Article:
glyphs, categorized as to application.

    This would have potentially far reaching benefits.

    Suppose, for example, that such an infrastructure existed, and that there is
    a mathematician, M, and a font designer, F, who do not know each other.

    M is writing a research paper on a particular branch of mathematics, where
    one of the key reference papers was written by an author whose name is
    written in Cyrillic characters, yet which name also has a romanized version.
    M finds that that romanization needs a character to represent the ts
    romanization ligature. How can M, who is using a word processor to prepare
    the research paper, insert that character into the document, because M is
    keen to insert the ts ligature in a form compatible with the standard
    bibliographic method for romanization of Cyrillic names?

    Fortunately, M finds that the word processor has available various special
    characters and finds a ts ligature and inserts it in the document. Behind
    the scenes the wordprocessor software inserts the correct Unicode sequence
    for the ts ligature.

    The display is excellent. However, as well as the wordprocessor software
    having the capability to add the ts ligature sequence, the display is only
    possible because F had, when updating the design of the mainstream roman
    font R which F designed, included glyphs for various sequences of characters
    used for representing romanization of Cyrillic characters. F is pleased to
    have done that, so that text set in the R font will, if some end user
    chooses to include some romanization of Cyrillic characters in a document,
    have iu, IU, ts and TS ligatures (etc) all appear in an elegant form. F is
    pleased that the R font can be used by end users in so many different areas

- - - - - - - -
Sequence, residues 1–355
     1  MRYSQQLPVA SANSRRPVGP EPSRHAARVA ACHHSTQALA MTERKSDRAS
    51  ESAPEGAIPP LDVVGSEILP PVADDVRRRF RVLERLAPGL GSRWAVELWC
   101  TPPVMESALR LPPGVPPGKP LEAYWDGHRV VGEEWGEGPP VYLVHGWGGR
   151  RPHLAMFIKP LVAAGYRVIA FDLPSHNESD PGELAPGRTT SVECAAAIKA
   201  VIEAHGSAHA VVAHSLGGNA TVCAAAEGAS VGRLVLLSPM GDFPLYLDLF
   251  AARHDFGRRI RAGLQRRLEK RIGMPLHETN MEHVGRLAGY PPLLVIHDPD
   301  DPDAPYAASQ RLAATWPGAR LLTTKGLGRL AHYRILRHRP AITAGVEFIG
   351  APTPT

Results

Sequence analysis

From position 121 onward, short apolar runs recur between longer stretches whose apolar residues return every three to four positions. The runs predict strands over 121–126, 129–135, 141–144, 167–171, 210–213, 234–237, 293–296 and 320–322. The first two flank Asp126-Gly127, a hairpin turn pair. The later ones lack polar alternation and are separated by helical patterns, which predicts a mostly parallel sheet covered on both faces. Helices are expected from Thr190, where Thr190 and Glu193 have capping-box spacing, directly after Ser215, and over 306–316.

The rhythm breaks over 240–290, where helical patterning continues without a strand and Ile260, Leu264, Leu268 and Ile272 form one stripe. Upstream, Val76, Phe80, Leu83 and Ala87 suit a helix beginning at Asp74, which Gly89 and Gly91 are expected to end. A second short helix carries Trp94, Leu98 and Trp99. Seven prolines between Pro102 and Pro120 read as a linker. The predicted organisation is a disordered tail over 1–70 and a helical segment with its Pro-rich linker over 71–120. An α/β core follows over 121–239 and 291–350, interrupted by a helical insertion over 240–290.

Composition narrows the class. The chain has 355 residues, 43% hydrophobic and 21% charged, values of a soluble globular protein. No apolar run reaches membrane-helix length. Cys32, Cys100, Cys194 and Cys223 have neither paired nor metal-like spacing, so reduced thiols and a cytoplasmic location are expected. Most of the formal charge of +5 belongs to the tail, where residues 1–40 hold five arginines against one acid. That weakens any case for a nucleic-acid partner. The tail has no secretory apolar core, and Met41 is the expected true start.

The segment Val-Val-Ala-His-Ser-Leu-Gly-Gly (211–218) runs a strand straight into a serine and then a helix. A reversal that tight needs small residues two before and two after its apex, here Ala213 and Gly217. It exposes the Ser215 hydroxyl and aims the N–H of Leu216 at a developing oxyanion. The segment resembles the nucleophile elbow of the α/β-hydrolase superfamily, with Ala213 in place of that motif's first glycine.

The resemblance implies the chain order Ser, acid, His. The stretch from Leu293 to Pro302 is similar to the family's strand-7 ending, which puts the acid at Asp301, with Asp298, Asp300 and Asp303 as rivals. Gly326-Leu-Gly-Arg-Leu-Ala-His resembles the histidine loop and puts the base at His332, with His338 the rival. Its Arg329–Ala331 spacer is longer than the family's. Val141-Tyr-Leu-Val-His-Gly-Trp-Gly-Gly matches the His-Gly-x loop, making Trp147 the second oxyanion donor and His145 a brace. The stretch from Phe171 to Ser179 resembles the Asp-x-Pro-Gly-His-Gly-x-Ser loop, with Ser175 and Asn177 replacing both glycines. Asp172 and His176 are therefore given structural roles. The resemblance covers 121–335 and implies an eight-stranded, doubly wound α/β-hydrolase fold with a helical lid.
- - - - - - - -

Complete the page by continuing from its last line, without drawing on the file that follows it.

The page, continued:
of application, because not only has F included sequences for romanization
    of Cyrillic ligatures, F has also included ligatures for Byzantine legal
    texts and for various other specialist application areas where a general
    purpose roman font, such as R, might well be used by some of the end user

    F has found this quite straightforward to do, as, although not an expert in
    the underlying theory of either the romanization of Cyrillic characters nor
    in the encoding of Byzantine legal codes, F has the advantage of simply
    monitoring the Unicode website and, whenever a new collection of sequences
    is published, deciding whether to include those sequences in the various
    fonts which F looks after.

    Actually, F has, thus far, included all of the published sequences in the R
    font. However, F has only included a few of the sequences in various other
    fonts. For example, for the sequences for Byzantine legal codes, F included
    special glyphs for each of the sequences in a decorative font based upon the
    handwriting of a Byzantine scribe.

    Stepping back outside the hypothesis, what we have now, even with the best
    quality advice, is no more than the equivalent of legal opinion on what a
    sequence means: registering sequences and their glyphs would be the
    equivalent of a ruling by a court of record.

    For the avoidance of doubt I am not suggesting that every possible sequence
    of characters be registered, I am simply suggesting that a registration
    procedure might well be helpful to the end user community, so that authors
    of documents, font designers and others would all be in step regarding which
    sequences to use for particular applications and regarding which sequences
    to use to consider including in fonts as sequences to produce a specific
    glyph rather than the rendering system needing to rely on default
    combinations of combining characters which might produce a poor typographic

    I feel that there is presently the opportunity for the Unicode Consortium to
    provide this facility to the end user community. If the matter of
    establishing the infrastructure is left for too long, perhaps until some
    specific criterion of practical need is met, then it may well be that there
    is typographic chaos in the matter and that the matter will never then be
    right due to various legacy systems by then being in use.

    So, I ask whether this matter could please be considered.

    William Overington

    19 September 2002

    This archive was generated by hypermail 2.1.5 : Thu Sep 19 2002 - 14:36:00 EDT